Dill= thia la
Then you need cha ca, not sure what that is, google says fried fish, I thought maybe fish cake or something but the translation says it refers to fried fish.
The "bread" thing is just about the noodles, because 'banh' is a semantic marker for all carby starchy things, it doesn't mean bread. It is just banh da do which means reddish colored green tea noodle.
Your end result should look like this:
Haiphong style crab version:
or with fish
Basically it is a recipe for tea-noodle soup with a mild fishy broth seasoned with dill, tomato, and water spinach.
I also found this for you:
"Wide, flat caramel-colored banh da are rice noodles made with green tea, which lends a subtle dusky and almost wheaty flavor and a pleasant elasticity. Sold dried at Hanoi markets, they're heartier than bun (rice vermicelli) or pho. On Hanoi streets, banh da are usually served one of two ways: as banh da ca ("ca" means “fish”) and banh da cua ("cua" for crab). The first dish features chunks of deep-fried white fish or discs of chewy deep-fried fish paste in a slightly sour tomato and pork broth. Noodles and soup are garnished with chopped green onion, cilantro leaves and wisps of fragrant fresh dill. In banh da cua, the noodles are floated in a weak crab-based broth, sometimes with slivers of beef and always with stems of blanched morning glory (water spinach). This banh da is especially tasty eaten cho or dry: a brothless tangle of greens and noodles sprinkled with crushed roasted peanuts and caramelized shallots, to season at the table with chili-spiced white vinegar, soy sauce and roasted dried chili flakes in oil."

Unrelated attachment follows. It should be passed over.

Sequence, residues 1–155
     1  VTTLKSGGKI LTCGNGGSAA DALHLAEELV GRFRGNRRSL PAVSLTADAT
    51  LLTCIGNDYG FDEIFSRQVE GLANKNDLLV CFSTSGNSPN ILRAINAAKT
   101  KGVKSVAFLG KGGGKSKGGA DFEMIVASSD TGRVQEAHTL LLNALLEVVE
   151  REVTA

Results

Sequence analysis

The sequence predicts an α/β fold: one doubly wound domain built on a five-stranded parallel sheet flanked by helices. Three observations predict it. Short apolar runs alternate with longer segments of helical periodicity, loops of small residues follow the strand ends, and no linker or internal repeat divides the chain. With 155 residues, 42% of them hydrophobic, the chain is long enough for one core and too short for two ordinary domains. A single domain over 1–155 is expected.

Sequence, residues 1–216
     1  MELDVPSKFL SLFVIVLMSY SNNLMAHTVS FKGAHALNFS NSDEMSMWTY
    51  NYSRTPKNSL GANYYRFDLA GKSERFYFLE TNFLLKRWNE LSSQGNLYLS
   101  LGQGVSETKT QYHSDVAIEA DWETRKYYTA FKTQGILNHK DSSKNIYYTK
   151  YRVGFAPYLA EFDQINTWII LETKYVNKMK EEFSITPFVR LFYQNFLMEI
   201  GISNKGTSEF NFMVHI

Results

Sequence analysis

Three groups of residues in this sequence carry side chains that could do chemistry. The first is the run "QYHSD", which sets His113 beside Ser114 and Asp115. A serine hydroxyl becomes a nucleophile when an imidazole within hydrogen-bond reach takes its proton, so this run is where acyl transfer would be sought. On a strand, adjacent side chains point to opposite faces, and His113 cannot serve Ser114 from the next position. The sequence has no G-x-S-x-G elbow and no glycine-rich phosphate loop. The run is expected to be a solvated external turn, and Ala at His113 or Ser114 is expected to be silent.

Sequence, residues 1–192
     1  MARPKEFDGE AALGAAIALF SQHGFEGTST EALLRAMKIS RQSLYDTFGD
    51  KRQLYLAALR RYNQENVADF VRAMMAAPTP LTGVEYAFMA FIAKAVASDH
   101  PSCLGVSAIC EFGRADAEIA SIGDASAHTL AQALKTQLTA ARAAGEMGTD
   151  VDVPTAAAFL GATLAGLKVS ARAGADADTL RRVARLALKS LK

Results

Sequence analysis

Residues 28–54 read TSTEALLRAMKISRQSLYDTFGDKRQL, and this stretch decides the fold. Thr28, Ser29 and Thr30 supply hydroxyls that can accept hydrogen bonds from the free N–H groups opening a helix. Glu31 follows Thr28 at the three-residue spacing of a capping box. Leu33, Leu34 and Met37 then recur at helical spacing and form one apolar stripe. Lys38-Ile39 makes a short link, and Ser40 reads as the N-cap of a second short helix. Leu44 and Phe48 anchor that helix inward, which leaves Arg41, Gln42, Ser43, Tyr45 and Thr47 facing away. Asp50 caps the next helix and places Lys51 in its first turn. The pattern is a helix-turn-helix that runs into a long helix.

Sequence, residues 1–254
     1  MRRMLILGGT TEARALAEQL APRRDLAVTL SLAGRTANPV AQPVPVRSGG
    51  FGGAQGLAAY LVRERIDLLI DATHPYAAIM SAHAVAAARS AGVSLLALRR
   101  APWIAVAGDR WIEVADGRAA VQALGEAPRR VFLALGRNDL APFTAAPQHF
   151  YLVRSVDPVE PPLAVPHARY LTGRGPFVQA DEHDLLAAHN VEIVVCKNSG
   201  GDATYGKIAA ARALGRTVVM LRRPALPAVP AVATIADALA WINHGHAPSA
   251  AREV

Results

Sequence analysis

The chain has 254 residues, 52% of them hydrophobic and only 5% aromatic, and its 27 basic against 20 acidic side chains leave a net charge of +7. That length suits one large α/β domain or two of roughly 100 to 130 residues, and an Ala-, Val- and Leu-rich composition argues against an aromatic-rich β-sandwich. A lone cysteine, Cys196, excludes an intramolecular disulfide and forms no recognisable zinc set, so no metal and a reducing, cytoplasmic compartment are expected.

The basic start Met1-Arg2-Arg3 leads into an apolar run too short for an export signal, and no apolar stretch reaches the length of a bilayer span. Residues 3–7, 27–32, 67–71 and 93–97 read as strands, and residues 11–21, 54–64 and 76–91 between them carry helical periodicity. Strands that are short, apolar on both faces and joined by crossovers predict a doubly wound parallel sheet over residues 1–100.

I have never seen this dish in the US at any restaurant or friend's home. If you are going to try to prepare it due to dedicated chowishness, good for you. The site I link say this dish is made with pork broth but I think based on the English translation of what you have the broth is flavored with the fish cooked in it as well as the tomatoes.
Cá quả is snake-head (mullet) fish.
con does seem to mean "(Generic particle denoting a unit of animal or animal-like thing) A, an, the" in this case.
This site may be a 'somewhat' accurate one but it doesn't translate whole chunks of text so it would not be useful for the whole recipe.
Con is for any living thing, like con heo is a pig, con gai is a girl and so on. A child is also addressed as con by elders. For Catholics, God also addresses worshippers as 'con' but I don't know about for Buddhists. 1 con (mot con) is like one living being, if it was not an animal and was inanimate it would be 1 cai. That is just hilarious that google translate made that into fish with a human.
Vietnamese works that way. Like 'rau' is a marker for herbs and leafy greens, 'banh' is a marker for starchy carby items from cake to bread to noodles.
I didn't just google up the entire sleuthed response, I actually speak a bit of Vietnamese.